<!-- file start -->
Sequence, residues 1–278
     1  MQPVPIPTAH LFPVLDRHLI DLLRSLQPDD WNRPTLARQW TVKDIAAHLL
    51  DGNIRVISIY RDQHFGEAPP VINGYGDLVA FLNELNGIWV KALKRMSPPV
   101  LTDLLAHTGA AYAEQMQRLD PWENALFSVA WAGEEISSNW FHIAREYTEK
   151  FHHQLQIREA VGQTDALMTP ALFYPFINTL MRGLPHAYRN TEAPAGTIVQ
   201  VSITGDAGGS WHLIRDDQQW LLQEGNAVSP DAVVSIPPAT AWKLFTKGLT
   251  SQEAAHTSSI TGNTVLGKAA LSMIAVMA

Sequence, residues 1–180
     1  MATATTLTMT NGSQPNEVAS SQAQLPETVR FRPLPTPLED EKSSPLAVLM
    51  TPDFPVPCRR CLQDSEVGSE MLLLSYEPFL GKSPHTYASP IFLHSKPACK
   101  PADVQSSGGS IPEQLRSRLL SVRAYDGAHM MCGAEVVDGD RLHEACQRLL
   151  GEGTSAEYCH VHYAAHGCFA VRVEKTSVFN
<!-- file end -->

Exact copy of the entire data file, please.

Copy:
Sequence, residues 1–278
     1  MQPVPIPTAH LFPVLDRHLI DLLRSLQPDD WNRPTLARQW TVKDIAAHLL
    51  DGNIRVISIY RDQHFGEAPP VINGYGDLVA FLNELNGIWV KALKRMSPPV
   101  LTDLLAHTGA AYAEQMQRLD PWENALFSVA WAGEEISSNW FHIAREYTEK
   151  FHHQLQIREA VGQTDALMTP ALFYPFINTL MRGLPHAYRN TEAPAGTIVQ
   201  VSITGDAGGS WHLIRDDQQW LLQEGNAVSP DAVVSIPPAT AWKLFTKGLT
   251  SQEAAHTSSI TGNTVLGKAA LSMIAVMA

Sequence, residues 1–180
     1  MATATTLTMT NGSQPNEVAS SQAQLPETVR FRPLPTPLED EKSSPLAVLM
    51  TPDFPVPCRR CLQDSEVGSE MLLLSYEPFL GKSPHTYASP IFLHSKPACK
   101  PADVQSSGGS IPEQLRSRLL SVRAYDGAHM MCGAEVVDGD RLHEACQRLL
   151  GEGTSAEYCH VHYAAHGCFA VRVEKTSVFN